Of course, this wouldn't be an Indiana Jones film if Indy didn't end up off on an adventure...this one involves returning a crystal skull to its rightful resting place, an act said to empower the person who returns it with all that civilization's power.
In all honesty, the story isn't nearly as tightly written as the previous Indiana Jones films and it's practically secondary to the action sequences, the musical score, watching Indy again and the camaraderie of Indy and his supporting characters.
This time around, his primary sidekick is Mutt (Shia LaBeouf), who drags Indy into the entire affair as a way to rescue his mother (the aforementioned Karen Allen) and a scientist who seems to have gone a bit nutty as a result of his encounter with the crystal skull (John Hurt).
It feels a tad mean to point out Karen Allen's deficiencies in her action scenes, because she literally lights up the screen in her scenes with Ford and here mere presence here elevates "Kingdom of the Crystal Skull" above mediocrity. While I wish Spielberg had focused less on action and more on character dynamics, it's a testimony to Allen's acting that she rises above the physically demanding role.
LaBeouf, as well, proves to be a worthy companion to Ford and, in a scene near the very end of the film, gives a possible hint of things to come cinematically. While LaBeouf lacks Ford's ability to project vulnerability onscreen, he does blend in a nice humanity in his scenes and his banter with Ford perfectly fit the arc of the series.
Of course, none of this would matter if Harrison Ford were not up to the task of recreating Indy for a fourth time. While he may look different and the action scenes may lack the crisp spark of the previous films, Ford clearly relishes the opportunity to tackle such a meaty, energetic role at a time when most senior actors are being relegated to roles as parents, grandparents and other elder statesmen.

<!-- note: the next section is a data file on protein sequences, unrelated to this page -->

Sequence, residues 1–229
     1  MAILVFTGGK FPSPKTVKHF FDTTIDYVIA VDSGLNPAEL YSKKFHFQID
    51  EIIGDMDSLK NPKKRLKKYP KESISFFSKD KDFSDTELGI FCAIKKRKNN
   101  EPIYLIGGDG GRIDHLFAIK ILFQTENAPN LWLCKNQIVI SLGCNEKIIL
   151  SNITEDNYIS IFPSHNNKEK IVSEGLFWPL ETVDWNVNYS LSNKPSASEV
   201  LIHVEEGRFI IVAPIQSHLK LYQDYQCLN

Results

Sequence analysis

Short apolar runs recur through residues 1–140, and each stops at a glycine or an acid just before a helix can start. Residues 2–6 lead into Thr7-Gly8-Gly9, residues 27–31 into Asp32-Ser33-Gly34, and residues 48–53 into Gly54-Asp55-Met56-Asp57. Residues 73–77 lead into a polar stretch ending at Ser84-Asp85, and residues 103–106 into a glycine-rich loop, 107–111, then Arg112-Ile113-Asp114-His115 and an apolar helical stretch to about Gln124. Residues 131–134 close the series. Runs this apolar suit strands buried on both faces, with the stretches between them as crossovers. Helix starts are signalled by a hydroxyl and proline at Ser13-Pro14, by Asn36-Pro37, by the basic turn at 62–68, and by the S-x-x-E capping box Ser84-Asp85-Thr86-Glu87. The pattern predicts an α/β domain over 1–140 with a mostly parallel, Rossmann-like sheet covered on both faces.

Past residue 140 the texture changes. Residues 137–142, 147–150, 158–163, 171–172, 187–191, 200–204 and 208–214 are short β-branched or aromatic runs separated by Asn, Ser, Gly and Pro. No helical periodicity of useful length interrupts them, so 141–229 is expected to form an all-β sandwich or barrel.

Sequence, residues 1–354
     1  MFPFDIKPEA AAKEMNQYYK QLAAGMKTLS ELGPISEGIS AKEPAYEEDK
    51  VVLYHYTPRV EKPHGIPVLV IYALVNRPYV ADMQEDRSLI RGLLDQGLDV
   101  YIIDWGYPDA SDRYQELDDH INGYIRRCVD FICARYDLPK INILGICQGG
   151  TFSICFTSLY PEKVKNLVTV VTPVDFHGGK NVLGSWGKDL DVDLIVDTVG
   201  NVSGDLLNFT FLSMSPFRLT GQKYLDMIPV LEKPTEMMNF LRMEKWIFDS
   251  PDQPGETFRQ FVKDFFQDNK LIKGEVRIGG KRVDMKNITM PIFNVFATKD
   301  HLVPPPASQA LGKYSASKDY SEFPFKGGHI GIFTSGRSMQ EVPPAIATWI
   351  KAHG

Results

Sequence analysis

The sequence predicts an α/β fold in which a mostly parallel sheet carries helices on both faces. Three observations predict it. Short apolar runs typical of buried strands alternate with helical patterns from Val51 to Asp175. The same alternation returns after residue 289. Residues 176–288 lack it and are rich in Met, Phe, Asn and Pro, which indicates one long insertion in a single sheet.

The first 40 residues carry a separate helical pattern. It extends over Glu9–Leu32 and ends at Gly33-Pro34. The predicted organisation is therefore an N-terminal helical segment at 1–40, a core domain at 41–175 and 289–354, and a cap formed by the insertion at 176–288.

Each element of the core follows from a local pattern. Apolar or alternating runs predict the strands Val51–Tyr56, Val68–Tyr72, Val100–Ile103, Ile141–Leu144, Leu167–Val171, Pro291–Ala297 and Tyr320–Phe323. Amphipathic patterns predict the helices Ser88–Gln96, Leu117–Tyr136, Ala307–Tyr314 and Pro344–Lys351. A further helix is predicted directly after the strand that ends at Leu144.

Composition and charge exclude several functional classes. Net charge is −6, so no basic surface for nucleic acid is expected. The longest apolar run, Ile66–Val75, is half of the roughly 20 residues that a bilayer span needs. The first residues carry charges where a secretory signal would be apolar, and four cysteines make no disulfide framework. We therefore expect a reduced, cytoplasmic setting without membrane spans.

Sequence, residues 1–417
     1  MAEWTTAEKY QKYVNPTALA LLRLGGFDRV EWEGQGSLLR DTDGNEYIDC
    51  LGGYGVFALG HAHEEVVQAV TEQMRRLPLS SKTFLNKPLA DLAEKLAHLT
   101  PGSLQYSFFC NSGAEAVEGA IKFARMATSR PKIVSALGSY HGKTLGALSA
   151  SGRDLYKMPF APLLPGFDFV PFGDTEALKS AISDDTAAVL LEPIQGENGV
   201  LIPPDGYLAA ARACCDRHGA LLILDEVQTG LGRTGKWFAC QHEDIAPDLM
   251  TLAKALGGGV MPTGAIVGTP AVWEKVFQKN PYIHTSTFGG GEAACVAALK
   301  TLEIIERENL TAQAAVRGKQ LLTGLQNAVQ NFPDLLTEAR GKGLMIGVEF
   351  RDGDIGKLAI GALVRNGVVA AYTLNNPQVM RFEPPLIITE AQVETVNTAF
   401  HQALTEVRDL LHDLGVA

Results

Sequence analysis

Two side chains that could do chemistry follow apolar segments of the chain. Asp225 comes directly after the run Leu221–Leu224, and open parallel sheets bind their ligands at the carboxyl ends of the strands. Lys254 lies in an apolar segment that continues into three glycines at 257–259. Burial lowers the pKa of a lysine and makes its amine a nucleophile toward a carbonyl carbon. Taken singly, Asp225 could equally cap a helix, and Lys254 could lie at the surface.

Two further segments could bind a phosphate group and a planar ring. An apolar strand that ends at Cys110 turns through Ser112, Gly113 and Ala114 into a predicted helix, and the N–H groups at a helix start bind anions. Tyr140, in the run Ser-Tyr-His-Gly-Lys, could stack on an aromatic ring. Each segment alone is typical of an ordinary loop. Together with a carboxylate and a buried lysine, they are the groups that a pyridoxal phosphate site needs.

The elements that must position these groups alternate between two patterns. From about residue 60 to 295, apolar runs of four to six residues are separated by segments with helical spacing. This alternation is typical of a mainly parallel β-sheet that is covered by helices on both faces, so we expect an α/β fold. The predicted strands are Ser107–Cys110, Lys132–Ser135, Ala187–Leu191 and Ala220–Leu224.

Ray Winstone is solid as Indy's sometimes friend, sometimes nemesis Mac, while John Hurt is spot-on as the scientist who starts out mad and slowly comes back to life. Jim Broadbent also does nicely in a fairly brief book-end appearance as the Dean of the college where Indy is a professor.
There are, of course, certain trademarks that neither Spielberg nor Lucas dare mess with including the ever present musical score, the fedora and the overall production design of the film, though the person who designed poor Karen Allen's costume should be traded to the Russkies. The actual production design of the crystal skull, as well, lacked the power and pizzazz usually associated with an Indiana Jones mission. It looked, for lack of a better term, cheap.
By the way, I simply must give kudos to what is easily the year's most stellar cinematography from Oscar-winner Janusz Kaminski, a frequent Spielberg collaborator. I frequently find myself lamenting the frequent little cracks and blips that seem to inevitably find themselves in a film's final print for the big screen. "Indiana Jones and the Kingdom of the Crystal Skull?" Pristine is the only world to use.
So, there you have it.
"Indiana Jones and the Kingdom of the Crystal Skull" is not a perfect film. It is not up to par with its Indiana Jones predecessors. Comparing it to its predecessors is likely to leave you disappointed, however, allowing it to stand on its own and just admiring the finished product will likely leave you being enormously entertained.
© Written by Richard Propes
The Independent Critic